Publisher's Note: Although sequent calculi constitute an important category of proof systems, they are not as well known as axiomatic and natural deduction systems. Addressing this deficiency, Proof Theory: Sequent Calculi and Related Formalisms presents a comprehensive treatment of sequent calculi, including a wide range of variations. It focuses on sequent calculi for various non-classical logics, from intuitionistic logic to relevance logic, linear logic, and modal logic. In the first chapters, the author emphasizes classical logic and a variety of different sequent calculi for classical and intuitionistic logics. She then presents other non-classical logics and meta-logical results, including decidability results obtained specifically using sequent calculus formalizations of logics.

Comment: This book can be used in a variety of advanced undergraduate and postgraduate courses. Chapters 1, 2, 3 and 8 may be useful in an advanced undergraduate or beginning graduate course, where an emphasis is placed on classical logic and on a range of different proof calculi (mainly for classical logic). Chapters 4, 5 and 6 deal almost exclusively with non-classical logics. Chapters 7 and 9 are rich in meta-logical results, including results that have been obtained specifically using sequent calculus formalizations of various logics. These last five chapters might be used in a graduate course that embraces classical and nonclassical logics together with their meta-theory. To facilitate the use of the book as a text in a course, the text is peppered with exercises. In general, the starring indicates an increase in difficulty, however, sometimes an exercise is starred simply because it goes beyond the scope of the book or it is very lengthy. Solutions to selected exercises may be found on the web at the URL www.ualberta.ca/˜bimbo/ProofTheoryBook.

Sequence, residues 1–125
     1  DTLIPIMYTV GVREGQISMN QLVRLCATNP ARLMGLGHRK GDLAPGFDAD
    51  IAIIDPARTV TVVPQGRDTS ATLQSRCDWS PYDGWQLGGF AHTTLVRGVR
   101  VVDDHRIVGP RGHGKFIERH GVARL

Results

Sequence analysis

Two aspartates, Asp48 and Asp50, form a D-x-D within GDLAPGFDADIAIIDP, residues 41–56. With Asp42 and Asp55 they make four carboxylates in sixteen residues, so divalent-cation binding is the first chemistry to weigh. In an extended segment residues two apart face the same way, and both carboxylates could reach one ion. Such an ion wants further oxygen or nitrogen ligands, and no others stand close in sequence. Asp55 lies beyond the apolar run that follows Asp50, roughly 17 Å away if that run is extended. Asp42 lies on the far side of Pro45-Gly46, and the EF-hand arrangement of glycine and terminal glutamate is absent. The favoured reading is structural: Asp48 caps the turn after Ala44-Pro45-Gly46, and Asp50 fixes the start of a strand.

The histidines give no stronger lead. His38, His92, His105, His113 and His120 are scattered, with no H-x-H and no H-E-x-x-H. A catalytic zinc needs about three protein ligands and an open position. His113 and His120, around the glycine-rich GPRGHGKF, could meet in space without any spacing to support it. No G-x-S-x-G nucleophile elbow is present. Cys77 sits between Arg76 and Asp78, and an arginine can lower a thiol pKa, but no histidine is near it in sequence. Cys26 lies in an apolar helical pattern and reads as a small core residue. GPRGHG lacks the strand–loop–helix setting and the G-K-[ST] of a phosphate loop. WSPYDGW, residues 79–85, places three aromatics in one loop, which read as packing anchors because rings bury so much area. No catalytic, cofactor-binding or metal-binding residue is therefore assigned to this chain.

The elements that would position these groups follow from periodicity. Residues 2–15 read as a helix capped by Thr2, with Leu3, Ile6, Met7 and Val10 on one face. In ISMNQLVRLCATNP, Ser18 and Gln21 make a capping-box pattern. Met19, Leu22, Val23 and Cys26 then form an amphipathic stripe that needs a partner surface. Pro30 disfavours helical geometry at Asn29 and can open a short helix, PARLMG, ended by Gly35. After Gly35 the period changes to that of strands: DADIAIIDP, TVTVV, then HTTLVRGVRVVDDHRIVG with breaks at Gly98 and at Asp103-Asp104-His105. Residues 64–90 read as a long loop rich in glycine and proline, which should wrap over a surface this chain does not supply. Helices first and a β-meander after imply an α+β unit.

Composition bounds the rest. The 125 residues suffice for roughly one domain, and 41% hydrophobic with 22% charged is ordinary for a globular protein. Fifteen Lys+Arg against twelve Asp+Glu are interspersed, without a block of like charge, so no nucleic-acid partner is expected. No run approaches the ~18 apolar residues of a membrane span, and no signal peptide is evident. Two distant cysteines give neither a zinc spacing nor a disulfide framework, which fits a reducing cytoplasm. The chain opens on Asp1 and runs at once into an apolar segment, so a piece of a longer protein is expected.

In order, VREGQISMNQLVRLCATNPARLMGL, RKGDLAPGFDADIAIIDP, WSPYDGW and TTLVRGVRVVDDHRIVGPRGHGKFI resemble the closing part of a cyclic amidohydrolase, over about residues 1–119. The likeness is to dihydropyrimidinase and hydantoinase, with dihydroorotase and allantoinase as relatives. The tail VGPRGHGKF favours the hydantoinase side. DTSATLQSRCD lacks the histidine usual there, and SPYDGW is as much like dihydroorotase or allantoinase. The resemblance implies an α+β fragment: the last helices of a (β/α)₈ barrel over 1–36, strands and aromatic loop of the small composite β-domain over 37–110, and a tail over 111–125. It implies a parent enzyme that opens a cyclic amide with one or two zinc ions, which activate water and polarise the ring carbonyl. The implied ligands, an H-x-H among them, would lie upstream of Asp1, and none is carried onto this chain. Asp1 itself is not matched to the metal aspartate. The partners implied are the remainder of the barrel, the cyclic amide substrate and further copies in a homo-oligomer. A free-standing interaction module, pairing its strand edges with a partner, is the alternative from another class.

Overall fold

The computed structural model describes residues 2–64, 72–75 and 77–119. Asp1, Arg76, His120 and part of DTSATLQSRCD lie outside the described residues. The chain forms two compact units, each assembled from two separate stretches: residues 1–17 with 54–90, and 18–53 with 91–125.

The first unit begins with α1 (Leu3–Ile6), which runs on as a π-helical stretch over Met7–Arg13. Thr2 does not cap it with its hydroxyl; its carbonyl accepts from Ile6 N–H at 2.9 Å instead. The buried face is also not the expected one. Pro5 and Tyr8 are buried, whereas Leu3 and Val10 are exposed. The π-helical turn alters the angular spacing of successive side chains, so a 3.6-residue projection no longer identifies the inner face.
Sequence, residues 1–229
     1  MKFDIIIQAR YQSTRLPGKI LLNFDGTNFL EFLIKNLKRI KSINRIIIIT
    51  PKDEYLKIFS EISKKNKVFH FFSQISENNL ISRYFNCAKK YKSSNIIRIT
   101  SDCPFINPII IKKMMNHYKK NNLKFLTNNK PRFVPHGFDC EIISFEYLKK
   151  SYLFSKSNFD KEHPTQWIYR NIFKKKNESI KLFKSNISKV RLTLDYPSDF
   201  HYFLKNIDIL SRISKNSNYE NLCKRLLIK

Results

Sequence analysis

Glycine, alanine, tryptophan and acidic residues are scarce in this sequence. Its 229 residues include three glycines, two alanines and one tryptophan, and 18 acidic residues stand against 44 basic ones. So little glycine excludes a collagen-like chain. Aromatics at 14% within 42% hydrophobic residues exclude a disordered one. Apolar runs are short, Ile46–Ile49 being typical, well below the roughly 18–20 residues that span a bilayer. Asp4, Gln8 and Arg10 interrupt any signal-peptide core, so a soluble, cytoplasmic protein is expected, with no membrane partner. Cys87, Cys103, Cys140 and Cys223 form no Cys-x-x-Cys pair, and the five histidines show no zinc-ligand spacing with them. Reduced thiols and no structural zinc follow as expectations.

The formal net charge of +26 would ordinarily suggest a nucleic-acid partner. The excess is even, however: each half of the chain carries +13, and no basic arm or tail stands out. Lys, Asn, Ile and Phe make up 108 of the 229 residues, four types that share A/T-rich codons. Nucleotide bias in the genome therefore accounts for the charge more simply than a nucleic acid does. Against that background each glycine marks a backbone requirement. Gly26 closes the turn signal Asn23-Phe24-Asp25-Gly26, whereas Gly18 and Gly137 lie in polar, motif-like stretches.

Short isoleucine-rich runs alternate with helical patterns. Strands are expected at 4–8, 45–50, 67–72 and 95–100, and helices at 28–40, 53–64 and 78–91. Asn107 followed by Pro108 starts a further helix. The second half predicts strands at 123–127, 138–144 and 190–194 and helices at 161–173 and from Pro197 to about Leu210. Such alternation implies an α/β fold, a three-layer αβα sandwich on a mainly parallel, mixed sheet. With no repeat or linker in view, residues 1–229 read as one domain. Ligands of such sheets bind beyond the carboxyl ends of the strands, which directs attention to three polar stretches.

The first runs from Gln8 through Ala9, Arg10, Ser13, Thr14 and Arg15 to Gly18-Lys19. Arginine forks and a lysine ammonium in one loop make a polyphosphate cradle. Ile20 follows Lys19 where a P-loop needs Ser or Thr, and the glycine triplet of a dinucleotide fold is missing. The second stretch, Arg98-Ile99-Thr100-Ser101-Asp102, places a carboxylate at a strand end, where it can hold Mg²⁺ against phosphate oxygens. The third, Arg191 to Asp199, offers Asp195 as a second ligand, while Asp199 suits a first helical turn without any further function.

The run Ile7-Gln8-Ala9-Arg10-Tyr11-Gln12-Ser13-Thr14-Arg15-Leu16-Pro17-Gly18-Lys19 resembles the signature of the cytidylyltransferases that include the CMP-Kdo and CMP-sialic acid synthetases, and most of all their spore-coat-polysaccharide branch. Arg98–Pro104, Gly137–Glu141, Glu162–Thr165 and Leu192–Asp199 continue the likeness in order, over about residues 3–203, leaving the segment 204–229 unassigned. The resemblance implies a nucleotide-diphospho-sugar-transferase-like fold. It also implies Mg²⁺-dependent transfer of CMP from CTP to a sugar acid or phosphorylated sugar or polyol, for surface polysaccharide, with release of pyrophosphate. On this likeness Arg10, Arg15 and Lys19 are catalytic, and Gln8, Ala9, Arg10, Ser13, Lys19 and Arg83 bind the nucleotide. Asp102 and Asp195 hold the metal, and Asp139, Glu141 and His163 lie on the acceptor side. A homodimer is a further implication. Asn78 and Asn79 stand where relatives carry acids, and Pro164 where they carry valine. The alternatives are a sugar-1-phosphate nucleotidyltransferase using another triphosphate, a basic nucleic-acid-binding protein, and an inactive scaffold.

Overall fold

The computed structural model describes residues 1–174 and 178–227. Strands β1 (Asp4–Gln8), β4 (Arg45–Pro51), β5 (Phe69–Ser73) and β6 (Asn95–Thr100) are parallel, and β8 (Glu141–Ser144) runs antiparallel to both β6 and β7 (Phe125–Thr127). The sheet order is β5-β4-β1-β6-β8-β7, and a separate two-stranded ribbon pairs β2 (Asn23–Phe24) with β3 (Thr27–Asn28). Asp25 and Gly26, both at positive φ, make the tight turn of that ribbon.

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Blanchette, Patricia. Frege and Hilbert on Consistency
1996, Journal of Philosophy 93 (7):317
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Added by: Clotilde Torregrossa, Contributed by: Alex Yates